Every netstat article usually starts with a description and some tiny code examples, but since this tool is all about OPTIONS, so this time I'll use some visual aids to do you a favor.

- netstat -nr shows the route without resolving any name (ie."link-local" would look like "").

- netstat -i shows interfaces statistics (ie. TX-OK, RX-OK, MTU, etc.).

- netstat -ta or -ua shows all TCP or UDP connections.

- netstat -lotanpu shows you all you need to know, including the PID/Program name: just enlarge your terminal to at least 124!

That's should keep you going for the most part.
Keep reading for more details.

netstat -nr

netstat -nr shows the route without resolving names.

MSS (Maximum Segment Size) is the size of the largest L3 datagram the kernel will construct for transmission via this route.

Window is the maximum amount of data the system will accept on a single burst from a remote host.

irtt (initial round-trip time) is the value that the TCP protocol will use when a connection is first established.
TCP protocol keeps a running count of how long it takes for a datagram to be delivered AND an acknowledgement to be received (ie. the total time, for a packet, to go and come back), so that it knows how long to wait before assuming a datagram needs to retransmitted: round−trip time!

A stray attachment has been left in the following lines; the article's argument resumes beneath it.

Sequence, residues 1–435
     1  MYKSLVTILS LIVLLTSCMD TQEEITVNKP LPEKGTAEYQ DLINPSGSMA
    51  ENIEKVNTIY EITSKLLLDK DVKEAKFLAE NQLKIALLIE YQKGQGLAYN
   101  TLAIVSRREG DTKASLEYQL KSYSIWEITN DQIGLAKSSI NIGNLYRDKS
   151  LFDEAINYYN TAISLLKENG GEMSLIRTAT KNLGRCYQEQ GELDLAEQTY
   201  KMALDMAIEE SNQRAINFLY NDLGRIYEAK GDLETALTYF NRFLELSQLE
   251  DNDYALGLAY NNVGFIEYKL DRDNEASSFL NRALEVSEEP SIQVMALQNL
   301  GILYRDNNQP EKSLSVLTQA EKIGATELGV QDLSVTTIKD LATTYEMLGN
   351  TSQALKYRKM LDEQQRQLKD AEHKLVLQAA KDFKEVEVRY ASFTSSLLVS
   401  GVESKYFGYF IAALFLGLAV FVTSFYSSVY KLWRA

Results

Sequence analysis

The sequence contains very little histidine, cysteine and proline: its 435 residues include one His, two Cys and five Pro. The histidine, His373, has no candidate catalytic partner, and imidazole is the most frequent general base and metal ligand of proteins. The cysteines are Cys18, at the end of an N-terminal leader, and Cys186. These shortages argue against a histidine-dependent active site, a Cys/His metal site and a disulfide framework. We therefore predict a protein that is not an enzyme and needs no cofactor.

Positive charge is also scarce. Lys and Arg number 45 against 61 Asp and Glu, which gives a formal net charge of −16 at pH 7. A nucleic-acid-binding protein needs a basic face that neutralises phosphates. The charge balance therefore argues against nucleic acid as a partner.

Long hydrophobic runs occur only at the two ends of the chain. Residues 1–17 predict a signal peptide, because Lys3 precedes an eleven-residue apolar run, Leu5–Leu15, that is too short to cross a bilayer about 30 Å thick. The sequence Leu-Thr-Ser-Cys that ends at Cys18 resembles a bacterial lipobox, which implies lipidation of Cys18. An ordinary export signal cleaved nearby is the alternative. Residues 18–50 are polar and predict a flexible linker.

G = Is a Gateway.

U = Interface is up.


netstat -i

netstat -i shows interfaces statistics.

The MTU and Met fields show the current MTU and metric values for that interface.

The RX−OK TX−OK are obvious: received or transmitted error−free packets.

RX−ERR and TX−ERR are how many packets were damaged.

RX−DRP and TX−DRP how many were dropped.

RX−OVR/TX−OVR) how many packets were lost because of an overrun.


B = a broadcast address has been set.

M = All packets are received (aka promiscuous mode).

O = ARP is turned off for this interface.

P = This is a point−to−point connection.

R = Interface is running.

U = Interface is up.

L = this interface is a loopback device.

netstat -puntalo.
Rate this post
Senior Professional Network and Computer Systems Engineer during work hours and father when home. Andrea strives to deliver outstanding customer service and heaps of love towards his family. In this Ad-sponsored space, Andrea shares his quest for "ultimate" IT knowledge, meticulously brought to you in an easy to read format.